Is there a method like
isiterable? The only solution I have found so far is to call
But I am not sure how fool-proof this is.
__iter__ works on sequence types, but it would fail on e.g. strings in Python 2. I would like to know the right answer too, until then, here is one possibility (which would work on strings, too):
try: some_object_iterator = iter(some_object) except TypeError as te: print some_object, 'is not iterable'
iter built-in checks for the
__iter__ method or in the case of strings the
Another general pythonic approach is to assume an iterable, then fail gracefully if it does not work on the given object. The Python glossary:
Pythonic programming style that determines an object's type by inspection of its method or attribute signature rather than by explicit relationship to some type object ("If it looks like a duck and quacks like a duck, it must be a duck.") By emphasizing interfaces rather than specific types, well-designed code improves its flexibility by allowing polymorphic substitution. Duck-typing avoids tests using type() or isinstance(). Instead, it typically employs the EAFP (Easier to Ask Forgiveness than Permission) style of programming.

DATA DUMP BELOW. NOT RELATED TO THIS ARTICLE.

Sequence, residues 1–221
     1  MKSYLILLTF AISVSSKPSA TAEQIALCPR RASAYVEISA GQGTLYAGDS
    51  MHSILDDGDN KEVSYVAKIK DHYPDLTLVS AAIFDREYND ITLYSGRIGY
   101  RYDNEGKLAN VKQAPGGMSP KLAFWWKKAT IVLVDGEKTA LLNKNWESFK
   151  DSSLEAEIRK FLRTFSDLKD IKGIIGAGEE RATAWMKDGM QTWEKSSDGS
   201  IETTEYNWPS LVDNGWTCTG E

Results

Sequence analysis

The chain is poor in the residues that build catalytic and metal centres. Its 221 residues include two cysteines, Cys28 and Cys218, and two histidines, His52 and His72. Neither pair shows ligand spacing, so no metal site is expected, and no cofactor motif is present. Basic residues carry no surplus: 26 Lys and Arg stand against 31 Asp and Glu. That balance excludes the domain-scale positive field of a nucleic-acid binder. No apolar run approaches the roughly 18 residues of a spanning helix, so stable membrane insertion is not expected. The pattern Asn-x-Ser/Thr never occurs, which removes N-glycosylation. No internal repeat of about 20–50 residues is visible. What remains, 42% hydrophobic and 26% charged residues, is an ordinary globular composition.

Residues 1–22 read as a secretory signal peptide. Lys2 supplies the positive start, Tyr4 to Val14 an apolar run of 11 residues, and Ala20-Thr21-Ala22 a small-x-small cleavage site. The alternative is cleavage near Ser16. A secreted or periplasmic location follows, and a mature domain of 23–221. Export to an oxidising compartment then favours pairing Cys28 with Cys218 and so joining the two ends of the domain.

try: _ = (e for e in my_object) except TypeError: print my_object, 'is not iterable'
collections module provides some abstract base classes, which allow to ask classes or instances if they provide particular functionality, for example:
from collections.abc import Iterable if isinstance(e, Iterable): # e is iterable
However, this does not check for classes that are iterable through
try: iterator = iter(theElement) except TypeError: # not iterable else: # iterable # for obj in iterator: # pass
Use the Abstract Base Classes. They need at least Python 2.6 and work only for new-style classes.
from collections.abc import Iterable # import directly from collections for Python < 3.3 if isinstance(theElement, Iterable): # iterable else: # not iterable
iter() is a bit more reliable as described by the documentation:
isinstance(obj, Iterable)detects classes that are registered as Iterable or that have an
__iter__()method, but it does not detect classes that iterate with the
__getitem__()method. The only reliable way to determine whether an object is iterable is to call